Step 2 – Know the tool’s requirements and yours, too
Each software has specific requirements before you can use it. Sometimes you’ll need to take several steps in addition to the ones you thought you already had to endure.
Ask yourself specific questions to get answers about particular requirements.
For example, let’s say that you want a better tool to automate email campaigns. Fantastic! But what is required of you to qualify for that expense? If you only have 500 subscribers to your email list, you don’t need to upgrade to the enterprise version of ActiveCampaign yet.
Common business sense dictates that you should always be looking for ways to leverage economies of scale, but you have to be ready.
Taken from the opposite view, let’s say that you’re campaigns are so successful that Pipedrive is bursting at the seams with leads and newsletter subscribers. It’s easy to intuit that you require a more significant, more complex CRM, but how do you know exactly?
The answers may surprise you when you start to get into the specific details on why you think you need new technology. In the situation mentioned above, you would probably be receiving sales emails from Pipedrive, again and again, to try to get you to act.
Do your due diligence upfront, or pay big on the back end. Those are your two options, and knowing detailed requirements ahead of time is how you keep risks and technology costs low.
Step 3 – Be a super choosy shopper
No one walks into the grocery store and starts grabbing the first items they come across, but this is precisely how many look for business software.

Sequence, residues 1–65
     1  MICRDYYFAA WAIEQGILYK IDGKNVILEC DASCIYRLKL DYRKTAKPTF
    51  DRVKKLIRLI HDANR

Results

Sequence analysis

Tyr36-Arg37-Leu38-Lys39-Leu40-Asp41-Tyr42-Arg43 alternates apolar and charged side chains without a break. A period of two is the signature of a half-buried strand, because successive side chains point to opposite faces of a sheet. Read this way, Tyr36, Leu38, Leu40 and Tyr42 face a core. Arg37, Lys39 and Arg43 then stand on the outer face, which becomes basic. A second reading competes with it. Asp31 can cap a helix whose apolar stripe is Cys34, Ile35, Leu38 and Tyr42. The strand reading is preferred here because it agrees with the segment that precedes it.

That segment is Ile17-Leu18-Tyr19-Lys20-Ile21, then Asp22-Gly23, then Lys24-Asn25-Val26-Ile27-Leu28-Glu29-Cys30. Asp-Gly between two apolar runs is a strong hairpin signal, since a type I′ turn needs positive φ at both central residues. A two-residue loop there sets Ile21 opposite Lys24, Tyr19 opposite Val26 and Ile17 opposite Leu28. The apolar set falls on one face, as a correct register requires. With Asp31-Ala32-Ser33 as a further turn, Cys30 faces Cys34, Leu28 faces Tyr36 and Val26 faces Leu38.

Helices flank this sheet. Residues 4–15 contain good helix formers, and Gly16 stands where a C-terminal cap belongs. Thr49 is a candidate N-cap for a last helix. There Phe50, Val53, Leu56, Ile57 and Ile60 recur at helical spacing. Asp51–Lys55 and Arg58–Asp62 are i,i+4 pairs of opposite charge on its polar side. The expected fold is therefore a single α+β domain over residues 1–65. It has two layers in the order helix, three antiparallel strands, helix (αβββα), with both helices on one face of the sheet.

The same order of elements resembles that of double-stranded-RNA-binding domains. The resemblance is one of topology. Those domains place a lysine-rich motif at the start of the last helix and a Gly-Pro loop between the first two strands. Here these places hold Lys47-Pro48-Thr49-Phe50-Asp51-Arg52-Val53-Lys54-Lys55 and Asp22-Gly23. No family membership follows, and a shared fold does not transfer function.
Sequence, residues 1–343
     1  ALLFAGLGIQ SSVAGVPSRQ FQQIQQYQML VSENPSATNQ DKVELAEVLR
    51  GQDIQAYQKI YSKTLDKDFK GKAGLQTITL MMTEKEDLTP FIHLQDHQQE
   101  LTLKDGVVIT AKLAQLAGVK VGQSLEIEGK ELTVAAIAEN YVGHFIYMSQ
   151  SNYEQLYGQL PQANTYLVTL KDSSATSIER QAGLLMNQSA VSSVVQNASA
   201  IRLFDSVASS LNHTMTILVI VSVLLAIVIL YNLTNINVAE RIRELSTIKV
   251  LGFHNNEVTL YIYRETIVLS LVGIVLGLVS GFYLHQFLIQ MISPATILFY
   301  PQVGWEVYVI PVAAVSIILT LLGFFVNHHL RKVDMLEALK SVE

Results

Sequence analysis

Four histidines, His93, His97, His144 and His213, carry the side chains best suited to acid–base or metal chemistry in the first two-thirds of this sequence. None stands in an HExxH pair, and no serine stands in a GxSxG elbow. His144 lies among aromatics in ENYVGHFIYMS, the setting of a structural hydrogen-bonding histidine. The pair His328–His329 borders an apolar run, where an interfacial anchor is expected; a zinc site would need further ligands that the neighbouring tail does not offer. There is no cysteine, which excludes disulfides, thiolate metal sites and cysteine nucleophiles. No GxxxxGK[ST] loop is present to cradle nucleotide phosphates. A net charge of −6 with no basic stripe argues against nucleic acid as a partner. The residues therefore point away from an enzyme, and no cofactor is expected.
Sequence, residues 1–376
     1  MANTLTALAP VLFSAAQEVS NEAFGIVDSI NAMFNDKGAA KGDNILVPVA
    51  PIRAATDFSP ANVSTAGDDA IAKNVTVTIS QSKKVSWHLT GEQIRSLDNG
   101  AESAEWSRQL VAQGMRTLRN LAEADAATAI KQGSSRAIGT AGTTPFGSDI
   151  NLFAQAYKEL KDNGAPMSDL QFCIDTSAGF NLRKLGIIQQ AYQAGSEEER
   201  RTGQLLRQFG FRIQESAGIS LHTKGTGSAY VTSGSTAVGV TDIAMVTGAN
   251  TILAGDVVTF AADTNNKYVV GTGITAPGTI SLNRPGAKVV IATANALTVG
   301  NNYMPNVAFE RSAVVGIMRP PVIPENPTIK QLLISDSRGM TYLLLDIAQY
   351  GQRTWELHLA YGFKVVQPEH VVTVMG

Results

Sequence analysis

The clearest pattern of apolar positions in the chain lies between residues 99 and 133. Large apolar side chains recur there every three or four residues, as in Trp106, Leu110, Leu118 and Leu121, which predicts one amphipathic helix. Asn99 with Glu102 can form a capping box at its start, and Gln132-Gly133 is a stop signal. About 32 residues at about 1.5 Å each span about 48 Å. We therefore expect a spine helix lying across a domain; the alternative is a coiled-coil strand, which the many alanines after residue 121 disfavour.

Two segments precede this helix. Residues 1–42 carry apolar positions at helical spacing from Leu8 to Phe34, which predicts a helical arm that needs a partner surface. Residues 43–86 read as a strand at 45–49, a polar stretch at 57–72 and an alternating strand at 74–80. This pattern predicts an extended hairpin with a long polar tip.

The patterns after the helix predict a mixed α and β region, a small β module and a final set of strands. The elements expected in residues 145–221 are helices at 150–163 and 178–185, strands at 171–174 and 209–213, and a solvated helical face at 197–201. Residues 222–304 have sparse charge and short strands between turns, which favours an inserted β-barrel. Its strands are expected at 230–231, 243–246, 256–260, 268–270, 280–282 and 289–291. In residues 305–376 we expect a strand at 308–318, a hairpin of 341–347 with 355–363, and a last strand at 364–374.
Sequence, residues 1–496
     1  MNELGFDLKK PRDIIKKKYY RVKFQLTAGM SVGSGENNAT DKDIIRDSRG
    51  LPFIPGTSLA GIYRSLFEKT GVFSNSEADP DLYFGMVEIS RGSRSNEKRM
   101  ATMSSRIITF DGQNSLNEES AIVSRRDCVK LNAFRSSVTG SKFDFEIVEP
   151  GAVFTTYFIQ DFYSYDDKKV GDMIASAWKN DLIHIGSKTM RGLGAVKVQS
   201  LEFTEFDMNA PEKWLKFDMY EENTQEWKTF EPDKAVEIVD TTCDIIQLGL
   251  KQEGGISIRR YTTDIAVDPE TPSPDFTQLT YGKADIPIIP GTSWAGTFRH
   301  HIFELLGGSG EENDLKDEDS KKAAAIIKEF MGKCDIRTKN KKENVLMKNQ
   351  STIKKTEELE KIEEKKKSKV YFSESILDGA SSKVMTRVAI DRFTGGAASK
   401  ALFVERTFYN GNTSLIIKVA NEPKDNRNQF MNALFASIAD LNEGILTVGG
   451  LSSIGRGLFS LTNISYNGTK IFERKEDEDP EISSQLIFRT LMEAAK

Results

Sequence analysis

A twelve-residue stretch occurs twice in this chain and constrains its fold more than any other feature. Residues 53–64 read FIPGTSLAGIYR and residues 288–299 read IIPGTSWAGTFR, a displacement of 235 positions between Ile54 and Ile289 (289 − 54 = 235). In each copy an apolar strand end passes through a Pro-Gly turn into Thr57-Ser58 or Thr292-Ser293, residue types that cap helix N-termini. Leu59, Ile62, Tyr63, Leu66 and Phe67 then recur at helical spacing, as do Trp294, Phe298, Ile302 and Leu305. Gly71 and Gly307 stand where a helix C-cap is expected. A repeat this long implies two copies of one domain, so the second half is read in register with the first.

This organization is your business, so what worked for a friend may not suffice for your ambitions. It’s OK to be a fussy shopper; you just have to shop smarter, not harder.
Once you have all of your workflows mapped and requirements fleshed out, ask your social media following what they think. This strategy won’t answer the million-dollar question, but it may quickly spur other ideas you didn’t consider.
Your Twitter following may not be of much help when choosing new tech tools, but your LinkedIn following is a whole different story.
Next, reach out to the marketing automation tool software companies themselves for demos, and let them do their thing. If you ask for specifics, you’ll get details in return. You’ll look more savvy and knowledgeable, and the company will do backflips to impress you with their solution.
Another thing you could do is look into contacting independent contractors who work with the tools you are thinking about implementing. The honest, candid opinions you’ll get may save you time and money in the long run.
Lastly, do as many free trials as you can to get a feel for the software. Even if you’re not the most tech-savvy person, you can still learn something new and get new ideas by clicking around new software.
By following this easy, 3-step process, you can decide which tech works best for your needs the first time around.
What’s the last piece of tech that you invested in for your business? How did you decide on what tool to use?